FIG. 11 is a cross sectional illustration of another embodiment of a generator of mist or aerosol, a nebulizer.

FIG. 12 is a generalized illustration of a sterilizer showing the major components.

DETAILED DESCRIPTION OF THE PREFERRED EMBODIMENT

Sterilizing the inside of lumened devices has always posed a challenge to sterilization systems. Achieving rapid sterilization of lumened devices or other diffusion restricted articles at low temperatures and low concentrations of sterilant represents an even greater challenge. In the present invention, the shortcomings of the prior art sterilization systems are overcome by pre-treating or contacting articles to be sterilized with a source of peroxide prior to exposure to a reduced pressure sterilization process, or optionally, a reduced pressure sterilization process and a plasma. The source of peroxide comprises a liquid or condensed vapor. The liquid comprises aqueous solutions of hydrogen peroxide or peracetic acid or mixtures thereof. The vapor comprises hydrogen peroxide or peracetic acid vapor or mixtures thereof. The preferred method of the present invention utilizes aqueous hydrogen peroxide as the source of peroxide to contact an article to be sterilized. The methods of the present invention provide for the rapid sterilization of lumened and non-lumened articles under conditions that will not damage the articles nor leave toxic residues on the sterile articles.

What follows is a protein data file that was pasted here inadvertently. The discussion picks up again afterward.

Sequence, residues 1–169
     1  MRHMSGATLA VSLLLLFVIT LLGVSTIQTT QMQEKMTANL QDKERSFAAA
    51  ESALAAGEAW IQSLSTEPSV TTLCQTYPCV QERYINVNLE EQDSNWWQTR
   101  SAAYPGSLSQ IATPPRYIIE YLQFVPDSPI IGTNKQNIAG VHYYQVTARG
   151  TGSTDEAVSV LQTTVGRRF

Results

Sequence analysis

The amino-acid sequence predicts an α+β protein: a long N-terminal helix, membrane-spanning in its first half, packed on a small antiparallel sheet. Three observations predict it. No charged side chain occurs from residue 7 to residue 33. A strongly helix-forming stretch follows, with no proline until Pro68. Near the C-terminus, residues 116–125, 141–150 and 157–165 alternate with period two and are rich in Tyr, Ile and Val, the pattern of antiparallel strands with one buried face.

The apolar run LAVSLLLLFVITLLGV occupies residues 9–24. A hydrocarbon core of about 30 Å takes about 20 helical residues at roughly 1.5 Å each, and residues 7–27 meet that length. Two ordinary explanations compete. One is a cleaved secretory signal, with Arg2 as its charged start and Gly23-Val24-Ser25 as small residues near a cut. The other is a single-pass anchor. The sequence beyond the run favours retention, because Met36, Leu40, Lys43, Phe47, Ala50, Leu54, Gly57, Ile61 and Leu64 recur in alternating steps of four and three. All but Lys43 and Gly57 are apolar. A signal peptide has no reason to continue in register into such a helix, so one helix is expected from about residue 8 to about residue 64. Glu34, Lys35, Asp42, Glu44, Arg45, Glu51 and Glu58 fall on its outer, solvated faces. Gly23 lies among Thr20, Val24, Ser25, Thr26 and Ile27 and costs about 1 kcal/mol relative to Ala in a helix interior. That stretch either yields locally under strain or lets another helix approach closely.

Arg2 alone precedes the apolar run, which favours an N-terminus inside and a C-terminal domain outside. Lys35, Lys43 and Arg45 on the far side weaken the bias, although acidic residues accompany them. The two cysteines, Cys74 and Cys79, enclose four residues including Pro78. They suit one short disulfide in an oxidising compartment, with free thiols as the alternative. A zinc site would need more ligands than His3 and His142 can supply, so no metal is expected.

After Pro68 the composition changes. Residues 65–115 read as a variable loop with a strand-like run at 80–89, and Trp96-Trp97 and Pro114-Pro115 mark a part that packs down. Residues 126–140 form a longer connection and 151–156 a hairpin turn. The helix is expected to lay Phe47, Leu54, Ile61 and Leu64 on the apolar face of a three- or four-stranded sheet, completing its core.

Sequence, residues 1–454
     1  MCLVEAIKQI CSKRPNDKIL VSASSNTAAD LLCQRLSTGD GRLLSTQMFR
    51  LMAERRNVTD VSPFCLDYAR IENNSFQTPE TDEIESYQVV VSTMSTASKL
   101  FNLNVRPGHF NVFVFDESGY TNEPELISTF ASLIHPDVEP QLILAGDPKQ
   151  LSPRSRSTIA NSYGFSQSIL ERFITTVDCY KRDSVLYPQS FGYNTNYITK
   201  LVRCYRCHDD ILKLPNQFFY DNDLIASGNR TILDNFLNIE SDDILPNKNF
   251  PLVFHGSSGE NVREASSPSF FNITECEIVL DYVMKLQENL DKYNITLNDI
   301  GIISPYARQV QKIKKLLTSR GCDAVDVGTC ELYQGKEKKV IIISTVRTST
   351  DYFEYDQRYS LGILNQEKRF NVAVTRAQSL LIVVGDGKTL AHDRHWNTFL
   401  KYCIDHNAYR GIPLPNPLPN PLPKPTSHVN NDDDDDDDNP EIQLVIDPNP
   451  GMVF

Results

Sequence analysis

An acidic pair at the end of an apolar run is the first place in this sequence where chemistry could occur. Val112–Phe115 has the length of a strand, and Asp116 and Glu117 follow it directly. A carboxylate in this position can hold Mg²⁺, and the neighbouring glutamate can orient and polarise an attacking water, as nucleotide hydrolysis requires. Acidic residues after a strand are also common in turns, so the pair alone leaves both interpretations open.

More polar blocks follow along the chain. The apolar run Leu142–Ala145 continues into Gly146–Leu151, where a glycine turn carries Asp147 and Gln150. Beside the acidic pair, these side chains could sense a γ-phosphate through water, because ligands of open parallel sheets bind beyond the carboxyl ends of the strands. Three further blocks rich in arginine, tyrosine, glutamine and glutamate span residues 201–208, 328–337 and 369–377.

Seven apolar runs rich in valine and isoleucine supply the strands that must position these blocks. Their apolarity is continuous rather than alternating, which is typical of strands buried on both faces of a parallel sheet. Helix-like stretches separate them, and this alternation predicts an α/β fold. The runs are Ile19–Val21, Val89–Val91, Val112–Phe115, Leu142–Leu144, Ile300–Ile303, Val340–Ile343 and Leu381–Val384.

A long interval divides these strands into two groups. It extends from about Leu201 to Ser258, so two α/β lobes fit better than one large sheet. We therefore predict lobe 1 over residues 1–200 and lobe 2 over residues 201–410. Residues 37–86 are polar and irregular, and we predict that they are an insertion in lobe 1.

In the method of the present invention, the source of the peroxide is delivered into direct contact with the article to be sterilized. In the case of a lumened device, the source of peroxide may be delivered directly into the lumen. In the case of an article having an area where diffusion of vapor is restricted, the source of peroxide may be delivered to the interior of the diffusion restricted area. For articles which are not diffusion-restricted, the source of peroxide can be introduced anywhere into the sterilizer. The source of peroxide is delivered into the lumen or into contact with the article to be sterilized or into contact with the sterilizer containing the article to be sterilized through means such as direct delivery or physical placement, a static soaking process, a liquid flow-through process, by mist or aerosol spray or by condensation of a vapor. Physical placement also includes placement of a reservoir containing the source of peroxide. In the preferred method of the present invention, the aqueous solutions of hydrogen peroxide can be relatively dilute, e.g., as low as 1-6% or lower by weight, since sterilization is not achieved through contact with the hydrogen peroxide solution, but rather, is achieved at low temperatures and in short periods of time upon exposure to hydrogen peroxide vapor under vacuum or vacuum combined with plasma. The method of the present invention is particularly effective with articles having inaccessible or hard-to-reach places. Such articles include long, narrow lumens, hinges, and other articles having spaces where diffusion of vapors is restricted.